Jesus Christ and the apostles kept the Passover. What does Passover mean for Christians today?
The first of God's seven annual festivals is the Passover (Leviticus 23:5). Passover falls in early spring in the Holy Land and is a reminder of how God spared His people from death in Egypt. To rescue His people from slavery, God took the lives of all the firstborn Egyptian males (Exodus 12:7, 26-29) but passed over the Israelites' homes that had the blood of a sacrificed lamb on their door frames.
The blood of the Passover lamb foreshadowed the sacrifice of Jesus Christ, which passes over the sins of people who repent in order to spare them from eternal death. The New Testament makes clear that Christ is the true Passover Lamb (compare Exodus 12:21 with 1 Corinthians 5:7). In observing His last Passover with His disciples, Jesus explained that the symbols of bread and wine represent His body and blood, offered by Him for the forgiveness (or passing over) of our sins and the death penalty our sins have earned for us (Matthew 26:26-28; Mark 14:22-24).
The death of Christ actually took place during the daylight hours that followed the Passover evening—which was still the same date according to Hebrew sunset-to-sunset reckoning. Christ was sacrificed on Passover.
The New Testament Passover is a memorial of the suffering and death of Jesus Christ. This is also when baptized members of the United Church of God renew our agreement to come under the blood of Jesus Christ, the perfect Passover Lamb, for the forgiveness of our sins. We approach this period of the year with deep spiritual introspection. We commemorate the Passover on the 14th day of the first month of the sacred year with a service based on the instructions of 1 Corinthians 11:23-28 and the Gospel accounts of the New Testament Passover that Christ instituted.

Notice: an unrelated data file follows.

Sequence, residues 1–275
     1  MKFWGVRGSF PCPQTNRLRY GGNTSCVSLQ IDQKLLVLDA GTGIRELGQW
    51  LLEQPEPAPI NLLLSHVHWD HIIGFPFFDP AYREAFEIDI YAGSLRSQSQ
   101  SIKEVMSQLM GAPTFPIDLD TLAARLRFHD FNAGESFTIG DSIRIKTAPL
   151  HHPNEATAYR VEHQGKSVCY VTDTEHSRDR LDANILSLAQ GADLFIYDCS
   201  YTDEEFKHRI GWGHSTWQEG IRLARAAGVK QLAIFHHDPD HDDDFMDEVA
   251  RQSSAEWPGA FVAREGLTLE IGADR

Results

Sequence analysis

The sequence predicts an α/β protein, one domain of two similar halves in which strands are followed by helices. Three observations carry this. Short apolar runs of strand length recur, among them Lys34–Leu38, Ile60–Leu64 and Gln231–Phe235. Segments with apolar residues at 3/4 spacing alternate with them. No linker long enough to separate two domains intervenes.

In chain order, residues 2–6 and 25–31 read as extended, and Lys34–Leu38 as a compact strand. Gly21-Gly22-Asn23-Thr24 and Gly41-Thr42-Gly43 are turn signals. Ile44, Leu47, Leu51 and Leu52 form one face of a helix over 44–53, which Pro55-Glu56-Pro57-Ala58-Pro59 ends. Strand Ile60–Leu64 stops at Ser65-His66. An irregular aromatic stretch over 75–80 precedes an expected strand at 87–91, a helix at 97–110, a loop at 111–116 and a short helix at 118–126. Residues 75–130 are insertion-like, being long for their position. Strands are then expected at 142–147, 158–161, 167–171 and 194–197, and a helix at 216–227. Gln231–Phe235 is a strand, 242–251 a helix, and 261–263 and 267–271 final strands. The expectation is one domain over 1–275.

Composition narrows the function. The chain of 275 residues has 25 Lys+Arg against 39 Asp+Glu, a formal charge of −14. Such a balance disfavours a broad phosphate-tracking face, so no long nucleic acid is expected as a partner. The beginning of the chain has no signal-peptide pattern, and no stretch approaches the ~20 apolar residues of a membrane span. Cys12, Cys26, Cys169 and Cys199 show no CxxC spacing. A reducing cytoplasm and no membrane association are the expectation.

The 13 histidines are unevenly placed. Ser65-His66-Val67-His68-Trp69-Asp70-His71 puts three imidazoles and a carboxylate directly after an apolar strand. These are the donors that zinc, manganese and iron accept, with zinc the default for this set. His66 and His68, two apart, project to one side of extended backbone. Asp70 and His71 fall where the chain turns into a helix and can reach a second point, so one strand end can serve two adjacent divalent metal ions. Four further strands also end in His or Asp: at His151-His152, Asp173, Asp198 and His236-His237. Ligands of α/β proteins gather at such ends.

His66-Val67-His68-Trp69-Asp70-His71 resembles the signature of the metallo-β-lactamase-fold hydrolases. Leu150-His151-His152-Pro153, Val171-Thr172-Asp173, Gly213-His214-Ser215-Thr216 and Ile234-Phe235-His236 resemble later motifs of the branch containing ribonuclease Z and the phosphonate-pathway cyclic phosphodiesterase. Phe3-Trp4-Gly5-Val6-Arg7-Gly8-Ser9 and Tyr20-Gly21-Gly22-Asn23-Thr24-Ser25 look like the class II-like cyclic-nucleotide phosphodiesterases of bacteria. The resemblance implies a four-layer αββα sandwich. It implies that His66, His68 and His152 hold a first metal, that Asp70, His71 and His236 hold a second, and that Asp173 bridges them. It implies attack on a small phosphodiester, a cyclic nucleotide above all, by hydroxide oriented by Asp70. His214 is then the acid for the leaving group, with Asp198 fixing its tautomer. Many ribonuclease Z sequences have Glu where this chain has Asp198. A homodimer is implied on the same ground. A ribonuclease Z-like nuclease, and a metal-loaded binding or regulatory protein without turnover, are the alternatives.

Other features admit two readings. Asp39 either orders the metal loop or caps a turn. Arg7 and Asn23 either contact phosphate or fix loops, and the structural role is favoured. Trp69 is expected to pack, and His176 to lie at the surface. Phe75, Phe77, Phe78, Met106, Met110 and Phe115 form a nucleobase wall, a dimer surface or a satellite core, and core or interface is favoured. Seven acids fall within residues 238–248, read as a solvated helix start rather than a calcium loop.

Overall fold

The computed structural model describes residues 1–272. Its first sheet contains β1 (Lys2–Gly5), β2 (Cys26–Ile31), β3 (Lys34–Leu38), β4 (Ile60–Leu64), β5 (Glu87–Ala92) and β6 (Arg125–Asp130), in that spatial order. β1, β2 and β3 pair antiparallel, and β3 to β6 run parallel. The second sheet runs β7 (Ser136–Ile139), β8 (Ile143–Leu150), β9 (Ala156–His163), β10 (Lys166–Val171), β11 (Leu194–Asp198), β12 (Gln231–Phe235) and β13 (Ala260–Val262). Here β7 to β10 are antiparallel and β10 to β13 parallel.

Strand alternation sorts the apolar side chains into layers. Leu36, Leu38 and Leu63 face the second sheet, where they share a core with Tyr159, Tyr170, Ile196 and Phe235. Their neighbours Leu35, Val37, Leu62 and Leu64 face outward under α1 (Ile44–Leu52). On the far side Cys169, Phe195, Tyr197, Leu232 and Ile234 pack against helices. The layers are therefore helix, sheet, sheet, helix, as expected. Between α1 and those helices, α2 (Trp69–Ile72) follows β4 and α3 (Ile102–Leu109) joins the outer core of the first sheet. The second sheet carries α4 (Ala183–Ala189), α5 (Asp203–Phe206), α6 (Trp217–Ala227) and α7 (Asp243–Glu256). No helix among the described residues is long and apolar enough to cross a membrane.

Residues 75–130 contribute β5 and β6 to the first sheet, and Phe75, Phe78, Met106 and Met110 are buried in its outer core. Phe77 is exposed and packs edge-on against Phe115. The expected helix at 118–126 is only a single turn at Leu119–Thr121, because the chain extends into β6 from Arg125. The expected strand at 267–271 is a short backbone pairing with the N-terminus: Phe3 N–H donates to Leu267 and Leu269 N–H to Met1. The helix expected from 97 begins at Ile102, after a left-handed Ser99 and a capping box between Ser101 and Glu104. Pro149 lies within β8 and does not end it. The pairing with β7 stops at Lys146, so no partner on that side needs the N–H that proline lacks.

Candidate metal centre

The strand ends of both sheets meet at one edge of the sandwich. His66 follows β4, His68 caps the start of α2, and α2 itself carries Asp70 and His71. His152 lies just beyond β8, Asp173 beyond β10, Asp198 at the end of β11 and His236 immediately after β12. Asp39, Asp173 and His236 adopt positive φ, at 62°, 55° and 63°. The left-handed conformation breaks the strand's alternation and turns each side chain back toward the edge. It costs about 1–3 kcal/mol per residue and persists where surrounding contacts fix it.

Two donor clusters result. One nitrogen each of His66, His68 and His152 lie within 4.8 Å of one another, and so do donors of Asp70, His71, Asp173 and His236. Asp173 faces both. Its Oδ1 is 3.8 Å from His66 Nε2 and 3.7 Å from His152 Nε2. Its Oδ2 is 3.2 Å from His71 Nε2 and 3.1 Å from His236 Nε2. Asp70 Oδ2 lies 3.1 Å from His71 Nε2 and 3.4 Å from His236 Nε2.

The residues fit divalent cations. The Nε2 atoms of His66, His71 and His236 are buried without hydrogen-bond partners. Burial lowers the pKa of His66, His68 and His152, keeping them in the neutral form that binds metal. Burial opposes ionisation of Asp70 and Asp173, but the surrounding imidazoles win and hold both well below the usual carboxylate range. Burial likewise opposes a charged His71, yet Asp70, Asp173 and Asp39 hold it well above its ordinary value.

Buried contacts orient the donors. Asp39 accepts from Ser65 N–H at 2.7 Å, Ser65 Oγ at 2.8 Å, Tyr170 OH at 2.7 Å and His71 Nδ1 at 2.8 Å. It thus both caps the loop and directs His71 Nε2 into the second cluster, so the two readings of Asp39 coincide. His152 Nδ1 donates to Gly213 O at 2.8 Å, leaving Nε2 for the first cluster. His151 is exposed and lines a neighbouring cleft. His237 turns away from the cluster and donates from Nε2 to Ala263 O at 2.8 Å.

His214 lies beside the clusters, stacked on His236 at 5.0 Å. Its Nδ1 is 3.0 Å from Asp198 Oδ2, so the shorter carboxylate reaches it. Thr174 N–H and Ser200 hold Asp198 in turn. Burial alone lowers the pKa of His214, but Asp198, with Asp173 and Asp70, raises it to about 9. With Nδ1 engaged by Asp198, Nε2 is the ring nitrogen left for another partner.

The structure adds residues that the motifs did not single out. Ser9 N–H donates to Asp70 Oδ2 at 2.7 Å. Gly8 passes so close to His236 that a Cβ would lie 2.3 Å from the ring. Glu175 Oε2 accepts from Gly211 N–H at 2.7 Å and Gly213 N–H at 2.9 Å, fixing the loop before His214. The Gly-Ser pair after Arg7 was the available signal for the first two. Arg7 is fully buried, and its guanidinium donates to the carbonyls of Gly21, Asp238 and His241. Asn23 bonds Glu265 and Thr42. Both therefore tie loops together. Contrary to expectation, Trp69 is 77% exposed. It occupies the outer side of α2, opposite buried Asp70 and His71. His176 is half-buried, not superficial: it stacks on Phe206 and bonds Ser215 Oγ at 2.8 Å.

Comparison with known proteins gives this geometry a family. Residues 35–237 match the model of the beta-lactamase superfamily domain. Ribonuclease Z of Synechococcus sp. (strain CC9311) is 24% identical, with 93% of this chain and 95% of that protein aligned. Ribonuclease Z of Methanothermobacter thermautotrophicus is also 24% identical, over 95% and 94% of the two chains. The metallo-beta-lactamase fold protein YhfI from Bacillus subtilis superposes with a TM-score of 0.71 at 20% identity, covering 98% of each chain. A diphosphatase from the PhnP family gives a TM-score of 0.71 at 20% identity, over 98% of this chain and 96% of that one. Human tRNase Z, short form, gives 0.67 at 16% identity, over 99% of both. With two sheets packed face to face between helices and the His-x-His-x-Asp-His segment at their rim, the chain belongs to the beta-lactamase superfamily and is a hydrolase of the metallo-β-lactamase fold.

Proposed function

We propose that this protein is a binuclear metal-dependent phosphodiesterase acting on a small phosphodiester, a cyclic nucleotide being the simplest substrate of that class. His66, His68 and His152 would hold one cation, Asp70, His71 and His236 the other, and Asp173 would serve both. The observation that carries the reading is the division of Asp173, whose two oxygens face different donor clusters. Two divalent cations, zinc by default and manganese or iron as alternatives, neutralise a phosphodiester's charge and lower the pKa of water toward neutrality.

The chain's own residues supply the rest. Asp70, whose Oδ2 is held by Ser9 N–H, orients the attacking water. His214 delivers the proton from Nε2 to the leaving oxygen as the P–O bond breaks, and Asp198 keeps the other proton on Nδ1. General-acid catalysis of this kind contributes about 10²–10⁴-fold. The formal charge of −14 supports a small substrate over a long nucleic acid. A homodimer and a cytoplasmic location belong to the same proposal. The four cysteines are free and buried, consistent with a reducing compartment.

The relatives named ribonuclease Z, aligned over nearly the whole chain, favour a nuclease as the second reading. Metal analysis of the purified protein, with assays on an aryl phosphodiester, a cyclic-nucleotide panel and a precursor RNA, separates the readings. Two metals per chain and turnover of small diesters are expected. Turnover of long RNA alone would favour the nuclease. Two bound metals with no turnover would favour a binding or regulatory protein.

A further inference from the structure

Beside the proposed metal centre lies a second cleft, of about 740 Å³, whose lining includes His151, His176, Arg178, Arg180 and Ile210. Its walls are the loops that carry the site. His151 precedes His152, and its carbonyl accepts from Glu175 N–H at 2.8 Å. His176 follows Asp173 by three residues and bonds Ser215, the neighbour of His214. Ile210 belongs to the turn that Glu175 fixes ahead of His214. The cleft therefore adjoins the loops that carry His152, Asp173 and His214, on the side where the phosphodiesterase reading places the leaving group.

This solemn service begins with a brief explanation of its purpose, followed by foot-washing (based on Christ's example and instructions in John 13). Then the minister gives an explanation of the symbols of the Passover, unleavened bread and wine, which represent the body and blood of our Savior. Each baptized member of the Church eats a small piece of the unleavened bread and drinks a small glass of the wine (Mark 14:22-24).
Christians who observe this annual memorial marking Jesus' death (1 Corinthians 11:26) are reminded that eternal life is possible only through Him (John 6:47-54; Acts 4:10-12). Jesus' sacrifice is the starting point for salvation and the foundation of the annual feast days that follow. The next one is the Feast of Unleavened Bread.
For more information, please read our booklet God's Holy Day Plan: The Promise of Hope for All Mankind .